In the United States, many fundamentalist Christians support teaching creationism side-by-side with evolution in public schools in order to provide a balance of perspectives. After all, they claim, it is only fair. The problem with this argument is that it is actually not fair to balance evolution with creationism in science curricula, because creationism is not subject to scientific enquiry. It is a matter of faith. Besides, some religions teach creation stories different from the Christian one, and it is unfair to teach Christian creationism but not, for example, Hindu creationism.

A similar argument was made in a recent editorial in Hilltop Views, a student newspaper published by the School of Humanities at St. Edward’s University, in Austin, Texas. In that article, the author, Bailee Perkins, gives at least two major reasons why it is unfair to teach creationism alongside evolution: first, creationism cannot be tested scientifically, because the concept on which it rests—God—itself cannot be tested scientifically; second, if Christian values and principles should be taught, so should the values and principles of Islam, Jainism, paganism, and other religions, but this may prove daunting and unrealistic.

With these points in mind, let us pretend we are conversing with a creationist who avidly supports the teaching of creationism in public schools. The conversation might go something like this:

“It is only fair to teach creationism alongside evolution in public schools, because this provides a balance of perspectives.”

But a balance of perspectives must be fair in order to be valid; otherwise, it is like comparing apples with oranges. It is unfair to teach creationism alongside evolution in public school science classes because creationism presupposes the existence of a divine creator or higher power, which is not scientifically testable, whereas evolution deals with natural physical properties which are scientifically testable. Creationism requires only faith to be believable; evolution, however, must satisfy the demands of the scientific method to be believable. It is unfair to compare creationism to evolution when the standard being used is the scientific method. Thus, comparing creationism with evolution is not a fair balance of perspectives.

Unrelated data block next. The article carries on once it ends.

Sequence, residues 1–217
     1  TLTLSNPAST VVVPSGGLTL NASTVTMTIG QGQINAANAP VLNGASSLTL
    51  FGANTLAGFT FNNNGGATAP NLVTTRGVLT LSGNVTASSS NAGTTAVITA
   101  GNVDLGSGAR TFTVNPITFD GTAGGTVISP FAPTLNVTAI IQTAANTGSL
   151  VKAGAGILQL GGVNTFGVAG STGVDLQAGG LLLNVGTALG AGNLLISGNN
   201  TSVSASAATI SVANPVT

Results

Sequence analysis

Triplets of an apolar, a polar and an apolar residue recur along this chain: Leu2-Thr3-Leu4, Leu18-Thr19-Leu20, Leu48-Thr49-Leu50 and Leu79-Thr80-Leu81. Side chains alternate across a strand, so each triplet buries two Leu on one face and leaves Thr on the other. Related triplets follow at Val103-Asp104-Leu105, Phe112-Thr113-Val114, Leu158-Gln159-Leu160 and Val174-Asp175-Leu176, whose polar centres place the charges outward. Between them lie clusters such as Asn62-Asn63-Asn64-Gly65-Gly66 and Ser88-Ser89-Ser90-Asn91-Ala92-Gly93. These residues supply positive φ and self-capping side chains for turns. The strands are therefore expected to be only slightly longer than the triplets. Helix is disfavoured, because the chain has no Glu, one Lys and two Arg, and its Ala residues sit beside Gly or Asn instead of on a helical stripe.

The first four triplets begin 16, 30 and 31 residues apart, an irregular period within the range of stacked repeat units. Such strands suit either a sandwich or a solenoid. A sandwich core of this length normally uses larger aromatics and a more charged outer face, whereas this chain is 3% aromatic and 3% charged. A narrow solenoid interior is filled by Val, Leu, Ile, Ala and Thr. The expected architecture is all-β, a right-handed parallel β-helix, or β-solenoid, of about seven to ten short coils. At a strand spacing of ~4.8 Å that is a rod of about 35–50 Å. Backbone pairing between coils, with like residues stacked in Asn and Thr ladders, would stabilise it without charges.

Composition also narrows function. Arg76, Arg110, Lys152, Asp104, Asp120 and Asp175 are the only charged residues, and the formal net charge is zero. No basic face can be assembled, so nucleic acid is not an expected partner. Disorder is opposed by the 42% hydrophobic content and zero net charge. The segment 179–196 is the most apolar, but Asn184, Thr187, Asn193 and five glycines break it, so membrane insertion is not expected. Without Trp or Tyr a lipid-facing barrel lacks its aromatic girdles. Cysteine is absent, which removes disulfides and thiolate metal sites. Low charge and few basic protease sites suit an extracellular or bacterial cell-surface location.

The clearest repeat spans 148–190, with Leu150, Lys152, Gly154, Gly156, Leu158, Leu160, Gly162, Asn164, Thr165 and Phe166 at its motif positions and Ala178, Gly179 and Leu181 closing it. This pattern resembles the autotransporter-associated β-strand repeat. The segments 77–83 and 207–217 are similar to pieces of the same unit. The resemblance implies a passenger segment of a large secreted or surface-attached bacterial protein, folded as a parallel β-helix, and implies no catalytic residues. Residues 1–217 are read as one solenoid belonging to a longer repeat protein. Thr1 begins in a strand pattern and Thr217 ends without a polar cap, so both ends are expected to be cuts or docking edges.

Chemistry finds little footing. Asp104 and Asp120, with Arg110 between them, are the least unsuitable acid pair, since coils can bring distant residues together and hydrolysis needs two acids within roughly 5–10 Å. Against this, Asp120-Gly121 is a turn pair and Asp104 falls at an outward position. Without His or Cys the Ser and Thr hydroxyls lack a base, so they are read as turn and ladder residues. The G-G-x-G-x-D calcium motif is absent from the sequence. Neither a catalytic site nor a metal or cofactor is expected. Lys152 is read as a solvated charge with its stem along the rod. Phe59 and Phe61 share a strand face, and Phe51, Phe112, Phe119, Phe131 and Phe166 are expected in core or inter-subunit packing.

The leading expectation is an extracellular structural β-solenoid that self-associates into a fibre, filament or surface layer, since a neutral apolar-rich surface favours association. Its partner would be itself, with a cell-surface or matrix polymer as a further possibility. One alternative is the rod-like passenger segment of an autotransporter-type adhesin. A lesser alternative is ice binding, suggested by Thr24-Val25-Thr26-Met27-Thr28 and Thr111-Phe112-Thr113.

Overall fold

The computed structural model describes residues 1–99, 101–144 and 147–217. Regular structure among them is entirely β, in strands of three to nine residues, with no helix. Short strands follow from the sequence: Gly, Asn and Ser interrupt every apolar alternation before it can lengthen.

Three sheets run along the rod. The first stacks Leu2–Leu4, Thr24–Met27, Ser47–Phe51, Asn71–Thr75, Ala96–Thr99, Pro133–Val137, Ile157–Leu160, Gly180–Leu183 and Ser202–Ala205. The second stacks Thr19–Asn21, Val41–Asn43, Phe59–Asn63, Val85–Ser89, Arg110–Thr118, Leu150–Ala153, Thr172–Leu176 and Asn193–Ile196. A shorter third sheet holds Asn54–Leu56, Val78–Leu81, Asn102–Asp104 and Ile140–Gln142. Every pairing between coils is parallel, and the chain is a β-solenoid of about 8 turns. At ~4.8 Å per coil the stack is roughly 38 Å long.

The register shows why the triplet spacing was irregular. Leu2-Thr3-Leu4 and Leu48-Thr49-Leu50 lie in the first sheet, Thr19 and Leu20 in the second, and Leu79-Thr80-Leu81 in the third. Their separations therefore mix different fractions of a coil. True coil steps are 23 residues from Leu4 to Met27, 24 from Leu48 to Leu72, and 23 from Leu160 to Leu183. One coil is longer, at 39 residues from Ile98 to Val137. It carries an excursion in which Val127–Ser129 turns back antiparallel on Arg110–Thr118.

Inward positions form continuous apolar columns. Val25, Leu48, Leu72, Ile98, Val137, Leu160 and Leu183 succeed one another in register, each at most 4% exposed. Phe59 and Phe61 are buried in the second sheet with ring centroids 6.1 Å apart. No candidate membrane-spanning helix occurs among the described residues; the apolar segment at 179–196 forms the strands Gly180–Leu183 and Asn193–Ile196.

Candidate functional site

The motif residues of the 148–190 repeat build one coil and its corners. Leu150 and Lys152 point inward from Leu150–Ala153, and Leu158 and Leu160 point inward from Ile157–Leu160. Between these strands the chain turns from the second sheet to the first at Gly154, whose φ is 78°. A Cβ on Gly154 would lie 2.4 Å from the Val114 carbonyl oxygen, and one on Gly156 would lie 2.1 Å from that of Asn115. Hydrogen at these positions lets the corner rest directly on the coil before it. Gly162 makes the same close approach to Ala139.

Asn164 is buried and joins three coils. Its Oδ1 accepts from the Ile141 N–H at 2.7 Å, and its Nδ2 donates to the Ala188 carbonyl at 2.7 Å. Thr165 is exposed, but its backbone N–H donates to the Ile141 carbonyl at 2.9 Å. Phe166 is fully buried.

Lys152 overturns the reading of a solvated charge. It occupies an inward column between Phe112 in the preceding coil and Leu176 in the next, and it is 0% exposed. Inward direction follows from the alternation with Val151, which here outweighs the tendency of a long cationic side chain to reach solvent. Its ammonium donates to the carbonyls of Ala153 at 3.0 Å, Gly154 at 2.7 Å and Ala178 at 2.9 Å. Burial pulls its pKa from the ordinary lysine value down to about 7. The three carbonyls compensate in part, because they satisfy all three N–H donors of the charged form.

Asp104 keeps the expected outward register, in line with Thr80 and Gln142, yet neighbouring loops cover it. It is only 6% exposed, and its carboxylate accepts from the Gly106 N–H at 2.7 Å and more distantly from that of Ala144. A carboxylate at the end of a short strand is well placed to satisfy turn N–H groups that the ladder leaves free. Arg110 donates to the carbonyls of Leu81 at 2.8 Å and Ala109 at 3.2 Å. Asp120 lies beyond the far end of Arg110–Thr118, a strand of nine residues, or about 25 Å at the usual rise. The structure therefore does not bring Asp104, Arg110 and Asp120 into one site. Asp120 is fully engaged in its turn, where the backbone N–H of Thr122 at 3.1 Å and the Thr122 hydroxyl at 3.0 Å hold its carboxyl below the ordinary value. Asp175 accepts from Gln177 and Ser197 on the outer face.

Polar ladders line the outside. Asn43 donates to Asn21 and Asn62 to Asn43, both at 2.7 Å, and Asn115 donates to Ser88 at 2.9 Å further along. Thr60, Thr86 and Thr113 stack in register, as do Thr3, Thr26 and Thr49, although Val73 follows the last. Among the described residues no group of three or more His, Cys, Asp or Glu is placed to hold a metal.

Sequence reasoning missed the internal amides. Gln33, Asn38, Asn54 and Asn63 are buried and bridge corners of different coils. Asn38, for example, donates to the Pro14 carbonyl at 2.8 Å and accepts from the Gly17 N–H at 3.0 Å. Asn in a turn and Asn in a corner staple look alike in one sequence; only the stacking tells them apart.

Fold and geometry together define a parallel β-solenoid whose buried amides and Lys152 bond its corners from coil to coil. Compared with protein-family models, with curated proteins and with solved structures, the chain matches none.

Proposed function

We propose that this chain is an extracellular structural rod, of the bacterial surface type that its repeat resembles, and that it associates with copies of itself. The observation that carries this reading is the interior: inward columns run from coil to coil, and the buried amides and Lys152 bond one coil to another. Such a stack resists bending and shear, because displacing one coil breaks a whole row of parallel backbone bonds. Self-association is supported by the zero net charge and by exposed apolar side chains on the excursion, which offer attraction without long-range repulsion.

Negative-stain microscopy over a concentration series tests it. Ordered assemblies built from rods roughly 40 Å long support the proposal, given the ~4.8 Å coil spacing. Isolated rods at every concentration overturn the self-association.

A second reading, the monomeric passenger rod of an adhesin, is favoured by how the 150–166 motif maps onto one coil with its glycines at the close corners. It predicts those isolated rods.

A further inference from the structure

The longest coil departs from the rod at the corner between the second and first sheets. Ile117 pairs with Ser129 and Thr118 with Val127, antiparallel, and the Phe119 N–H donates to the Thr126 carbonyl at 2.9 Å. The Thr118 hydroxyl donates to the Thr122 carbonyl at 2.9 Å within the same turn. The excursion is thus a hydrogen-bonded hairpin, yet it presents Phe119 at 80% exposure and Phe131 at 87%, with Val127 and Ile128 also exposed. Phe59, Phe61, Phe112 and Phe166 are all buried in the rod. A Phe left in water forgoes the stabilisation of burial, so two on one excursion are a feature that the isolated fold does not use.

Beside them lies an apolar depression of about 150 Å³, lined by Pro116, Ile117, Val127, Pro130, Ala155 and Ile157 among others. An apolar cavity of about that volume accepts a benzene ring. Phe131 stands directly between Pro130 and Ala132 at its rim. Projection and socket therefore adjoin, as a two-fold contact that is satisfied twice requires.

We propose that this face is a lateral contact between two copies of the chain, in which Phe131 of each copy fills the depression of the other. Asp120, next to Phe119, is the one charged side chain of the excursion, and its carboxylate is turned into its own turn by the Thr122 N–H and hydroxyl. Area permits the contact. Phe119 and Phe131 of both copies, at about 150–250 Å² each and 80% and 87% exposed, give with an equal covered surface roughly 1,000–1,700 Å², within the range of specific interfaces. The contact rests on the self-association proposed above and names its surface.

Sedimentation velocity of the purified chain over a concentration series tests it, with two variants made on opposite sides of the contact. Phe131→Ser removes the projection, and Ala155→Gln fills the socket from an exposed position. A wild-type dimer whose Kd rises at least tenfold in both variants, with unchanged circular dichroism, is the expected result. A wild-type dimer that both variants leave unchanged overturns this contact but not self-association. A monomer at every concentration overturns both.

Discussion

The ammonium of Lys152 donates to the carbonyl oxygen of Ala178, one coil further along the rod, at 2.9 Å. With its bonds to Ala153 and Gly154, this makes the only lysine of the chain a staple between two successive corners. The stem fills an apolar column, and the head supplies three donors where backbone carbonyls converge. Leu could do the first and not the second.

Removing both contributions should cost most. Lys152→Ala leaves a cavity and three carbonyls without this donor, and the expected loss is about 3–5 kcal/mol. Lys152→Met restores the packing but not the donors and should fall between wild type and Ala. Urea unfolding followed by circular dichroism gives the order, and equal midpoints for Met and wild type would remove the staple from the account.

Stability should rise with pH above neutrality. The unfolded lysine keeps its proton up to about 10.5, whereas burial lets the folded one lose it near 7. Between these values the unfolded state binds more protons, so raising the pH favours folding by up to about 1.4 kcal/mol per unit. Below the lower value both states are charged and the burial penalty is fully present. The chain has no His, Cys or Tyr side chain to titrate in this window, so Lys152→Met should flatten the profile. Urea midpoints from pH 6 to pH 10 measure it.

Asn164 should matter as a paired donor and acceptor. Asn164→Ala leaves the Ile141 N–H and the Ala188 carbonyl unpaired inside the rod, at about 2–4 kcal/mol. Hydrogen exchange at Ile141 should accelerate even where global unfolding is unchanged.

In fact, religious faith allows a person to claim that something is true just because they have faith in it. It is a sophistic way of allowing a person to be right all of the time for no actual, provable reason. And that is not a level playing field. Religious faith may be a fair opponent on its own turf, but not on the field of provable hypotheses. After all, science classes are supposed to play by the rules of the scientific method.

Thus, we can see that using faith as a standard for truth gives an arbitrary, unfair advantage to creationists in a game that is not meant to be played by their rules in the first place.

“But that problem can easily be solved: we can teach the creation stories of other world religions and faith traditions alongside Christian creationism.”

But where does it end? How many religions must be included in a creationist curriculum? If we teach the creation story of one religion, we must teach the creation story of every other religion, because this would only be fair. But where do they all fit in? Allowing creationism to be taught in the classroom is a slippery slope: eventually, we would have to accommodate every creation myth under the sun, and if we include Hindu, Buddhist, and Hopi in addition to the creation story in Genesis, we would be forced to sacrifice class time devoted to core secular subjects that American students lag behind in—such as math, science, and logic. Public schools, in essence, would become more like seminaries or religious philosophy schools, and they would lack comprehensive coverage of all of the arts and sciences. It seems, then, that the most practical solution to this problem is to keep creationism out of public schools altogether.

Besides, if parents want their children to learn about creationism, why don’t they just teach it to them at home, or take them to a church sermon or Sunday school? Meanwhile, nonreligious students get to keep their right to freedom from religion in a secular public school domain. This seems like a fair compromise.

“But most people in American public schools are Christian”, the creationist will counter, “so the will of the Christian majority should rule out over the will of the non-Christian minority.”

First, this is a logical fallacy known as argumentum ad populum, which states that something must be right because it is popular. It is like saying that you should smoke just because all of your friends do. A scientific hypothesis gains privilege not because of how many people believe in it, but by how well it withstands the test of objective verification. If we do not yet know which hypothesis is superior, we must start out by treating them all as equal. For, in the end, the majority might have their facts wrong.